The Government's been warned that children in middle decile schools are "falling through the cracks" when it comes to mental health.
Health officials say it's because the schools aren't eligible for public funded programmes and the parents can't afford private care.
Documents obtained by Newshub show that while the Government is hailing the Prime Minister's Youth Mental Health Project (YMHP) as "worthwhile", it's not helping address the needs of those in the middle of the income spectrum.
An evaluation of the programme said 180,000 youth had been reached so far - but there were some missing out.
"Middle decile (four to seven) schools, in particular, appear to have youth who 'fall through the cracks', as the schools are ineligible for YMHP initiatives and their parents cannot always afford private services," the report said.
Psychotherapist Kyle Macdonald told Newshub it's not surprising.
"There's a chasm in the middle, it's not even a gap anymore and people are falling into it," he said.
"Private services are there but they're expensive, and the child and adolescent mental health services are completely overrun."
In 2015 an estimated 105,000 youth (aged 12 to 19) experienced mild to moderate mental illness.
During the course of the four-year programme, a cost benefit analysis found an estimated 1764 youth went from experiencing mild to moderate mental illness to being free from mental illness.
Mr MacDonald said while the programme appears to have helped some, proper funding of the entire mental health sector is a top priority.
"I'm very happy and pleased that there are a number of families out there that I'm sure have benefitted from this programme, but when we focus in such a specific way, the reality is that other people miss out, and sadly that seems to be the case."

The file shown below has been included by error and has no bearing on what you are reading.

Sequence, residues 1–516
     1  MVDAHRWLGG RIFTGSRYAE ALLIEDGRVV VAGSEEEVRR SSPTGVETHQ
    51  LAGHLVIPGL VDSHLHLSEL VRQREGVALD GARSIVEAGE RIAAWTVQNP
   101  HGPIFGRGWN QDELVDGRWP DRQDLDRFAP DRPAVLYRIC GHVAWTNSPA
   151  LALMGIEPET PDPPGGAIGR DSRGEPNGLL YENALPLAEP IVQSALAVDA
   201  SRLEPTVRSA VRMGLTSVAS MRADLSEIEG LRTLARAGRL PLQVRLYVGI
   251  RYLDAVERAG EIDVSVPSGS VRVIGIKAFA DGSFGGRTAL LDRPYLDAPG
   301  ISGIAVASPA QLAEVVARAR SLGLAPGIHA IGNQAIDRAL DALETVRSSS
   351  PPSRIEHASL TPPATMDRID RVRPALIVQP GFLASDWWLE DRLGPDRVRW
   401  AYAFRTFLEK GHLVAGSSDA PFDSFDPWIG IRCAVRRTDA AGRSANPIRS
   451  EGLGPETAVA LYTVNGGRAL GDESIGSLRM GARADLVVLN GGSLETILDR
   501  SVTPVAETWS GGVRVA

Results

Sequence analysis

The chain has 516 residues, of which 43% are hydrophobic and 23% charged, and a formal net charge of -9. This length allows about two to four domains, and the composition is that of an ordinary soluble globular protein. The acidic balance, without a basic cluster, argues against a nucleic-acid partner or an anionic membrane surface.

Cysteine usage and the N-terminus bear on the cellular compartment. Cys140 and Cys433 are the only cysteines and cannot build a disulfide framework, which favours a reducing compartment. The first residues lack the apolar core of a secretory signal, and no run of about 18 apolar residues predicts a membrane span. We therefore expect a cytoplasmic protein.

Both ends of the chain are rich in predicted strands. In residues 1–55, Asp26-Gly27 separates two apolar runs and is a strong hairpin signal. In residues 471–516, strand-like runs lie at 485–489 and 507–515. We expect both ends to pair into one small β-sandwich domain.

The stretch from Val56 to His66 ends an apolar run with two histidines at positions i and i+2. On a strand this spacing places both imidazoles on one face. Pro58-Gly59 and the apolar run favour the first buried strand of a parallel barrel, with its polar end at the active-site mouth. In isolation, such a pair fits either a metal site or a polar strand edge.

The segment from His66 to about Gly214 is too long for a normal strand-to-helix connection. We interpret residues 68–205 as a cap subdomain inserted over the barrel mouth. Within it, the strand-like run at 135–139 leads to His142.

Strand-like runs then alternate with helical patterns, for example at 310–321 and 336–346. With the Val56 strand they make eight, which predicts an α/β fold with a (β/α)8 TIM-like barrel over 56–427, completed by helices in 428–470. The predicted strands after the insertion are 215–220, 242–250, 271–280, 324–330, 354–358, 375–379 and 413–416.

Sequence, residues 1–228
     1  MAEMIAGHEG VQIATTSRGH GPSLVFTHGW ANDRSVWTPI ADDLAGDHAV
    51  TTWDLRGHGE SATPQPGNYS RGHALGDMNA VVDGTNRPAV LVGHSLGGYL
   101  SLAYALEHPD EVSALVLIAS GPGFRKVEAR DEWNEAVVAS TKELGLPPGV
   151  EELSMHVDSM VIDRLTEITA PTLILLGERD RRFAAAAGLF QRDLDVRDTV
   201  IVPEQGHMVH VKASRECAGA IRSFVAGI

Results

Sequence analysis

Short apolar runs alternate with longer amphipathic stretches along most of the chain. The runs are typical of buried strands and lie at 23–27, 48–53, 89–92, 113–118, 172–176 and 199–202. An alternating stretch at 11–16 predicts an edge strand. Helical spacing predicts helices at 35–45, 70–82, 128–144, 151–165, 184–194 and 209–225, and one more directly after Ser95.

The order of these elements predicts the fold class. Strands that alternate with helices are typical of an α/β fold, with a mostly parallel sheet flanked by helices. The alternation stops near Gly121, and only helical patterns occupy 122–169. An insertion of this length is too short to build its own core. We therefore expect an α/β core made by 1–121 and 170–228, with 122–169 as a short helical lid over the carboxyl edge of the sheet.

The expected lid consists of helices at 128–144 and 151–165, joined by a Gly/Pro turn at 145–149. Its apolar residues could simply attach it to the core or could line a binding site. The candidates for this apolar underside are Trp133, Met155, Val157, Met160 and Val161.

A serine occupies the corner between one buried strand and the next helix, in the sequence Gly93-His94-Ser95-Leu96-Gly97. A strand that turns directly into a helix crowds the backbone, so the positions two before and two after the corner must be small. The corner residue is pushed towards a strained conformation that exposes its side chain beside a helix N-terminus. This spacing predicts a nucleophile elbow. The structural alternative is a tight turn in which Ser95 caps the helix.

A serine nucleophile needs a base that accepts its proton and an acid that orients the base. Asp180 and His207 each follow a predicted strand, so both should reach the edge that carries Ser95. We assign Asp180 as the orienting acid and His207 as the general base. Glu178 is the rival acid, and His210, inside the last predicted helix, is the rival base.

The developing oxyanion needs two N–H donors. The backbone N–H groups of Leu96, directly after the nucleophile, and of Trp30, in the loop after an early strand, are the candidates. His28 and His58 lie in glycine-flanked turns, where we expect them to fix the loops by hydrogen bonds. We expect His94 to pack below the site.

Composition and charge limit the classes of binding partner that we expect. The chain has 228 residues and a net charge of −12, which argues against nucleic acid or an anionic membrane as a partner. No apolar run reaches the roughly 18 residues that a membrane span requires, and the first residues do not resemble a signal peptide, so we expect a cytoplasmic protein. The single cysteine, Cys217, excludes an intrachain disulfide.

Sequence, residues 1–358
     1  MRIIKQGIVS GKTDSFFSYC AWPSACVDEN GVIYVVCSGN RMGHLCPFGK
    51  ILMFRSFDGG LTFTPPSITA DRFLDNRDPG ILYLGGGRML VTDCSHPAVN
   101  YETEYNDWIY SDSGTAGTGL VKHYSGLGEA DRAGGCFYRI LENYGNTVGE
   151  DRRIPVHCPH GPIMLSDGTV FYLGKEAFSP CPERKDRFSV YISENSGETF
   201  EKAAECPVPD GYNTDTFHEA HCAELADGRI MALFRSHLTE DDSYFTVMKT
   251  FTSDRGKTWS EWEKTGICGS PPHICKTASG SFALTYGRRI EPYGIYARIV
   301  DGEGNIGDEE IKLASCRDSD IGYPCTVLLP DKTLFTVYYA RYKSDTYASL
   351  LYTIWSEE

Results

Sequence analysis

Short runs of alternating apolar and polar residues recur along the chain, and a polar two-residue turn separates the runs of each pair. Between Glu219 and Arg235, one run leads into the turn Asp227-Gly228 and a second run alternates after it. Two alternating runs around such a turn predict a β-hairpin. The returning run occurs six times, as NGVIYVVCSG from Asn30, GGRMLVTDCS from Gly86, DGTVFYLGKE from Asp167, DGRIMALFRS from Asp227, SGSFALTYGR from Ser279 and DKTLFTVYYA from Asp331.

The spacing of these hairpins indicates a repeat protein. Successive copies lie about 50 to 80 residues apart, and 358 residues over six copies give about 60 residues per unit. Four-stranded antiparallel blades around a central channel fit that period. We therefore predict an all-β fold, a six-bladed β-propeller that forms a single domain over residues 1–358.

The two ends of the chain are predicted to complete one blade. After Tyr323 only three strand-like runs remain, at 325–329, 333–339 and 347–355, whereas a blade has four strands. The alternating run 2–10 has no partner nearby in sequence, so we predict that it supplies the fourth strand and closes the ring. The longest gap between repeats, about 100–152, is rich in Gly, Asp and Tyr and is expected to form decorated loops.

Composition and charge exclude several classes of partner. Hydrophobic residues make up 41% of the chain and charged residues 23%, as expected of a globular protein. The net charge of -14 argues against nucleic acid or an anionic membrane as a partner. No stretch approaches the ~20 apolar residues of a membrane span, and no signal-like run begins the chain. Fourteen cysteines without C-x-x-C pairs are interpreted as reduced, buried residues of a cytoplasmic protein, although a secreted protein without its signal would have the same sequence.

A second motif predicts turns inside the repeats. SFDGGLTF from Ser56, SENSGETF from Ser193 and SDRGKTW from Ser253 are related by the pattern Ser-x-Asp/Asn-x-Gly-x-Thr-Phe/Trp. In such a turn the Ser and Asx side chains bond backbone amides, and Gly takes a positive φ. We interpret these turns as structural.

Labour's health spokesman David Clark agreed.
"For those people this has helped it will be terrific and we shouldn't underestimate the benefit, but it really is only a tiny portion of the overall need," he said.
Mr Clark said this is just one example of middle New Zealand missing out.
"Those at the top can sometimes afford the services if they know where to go, those at the bottom can sometimes access the services because they are struggling the most, but there is a huge swathe of people in middle New Zealand who are struggling to access health services."
The project was given $64 million in funding over four years, which the evaluation found was a "worthwhile financial investment" and that some initiatives should continue.
But Mr Clark says the $64 million doesn't even scratch the surface
"This amount of money was never going to be enough, it's only starting to touch the edges," he said.
"We have got to fund mental health adequately."
Health Minister Jonathan Coleman says the programme has been a success, but there's more work to do.
"The Prime Minister's Youth Mental Health Project has identified a number of effective early intervention services which have benefited young people," he said.
"Work will continue across Government agencies to strengthen the reach and impact of these initiatives."
He also pointed to the National Telehealth Service - a programme that sits alongside the YMHP - saying 69 percent of contacts on SMS, email and webchat were from people under the age of 24.
The 5836 contacts saw the service exchange 43,768 text messages.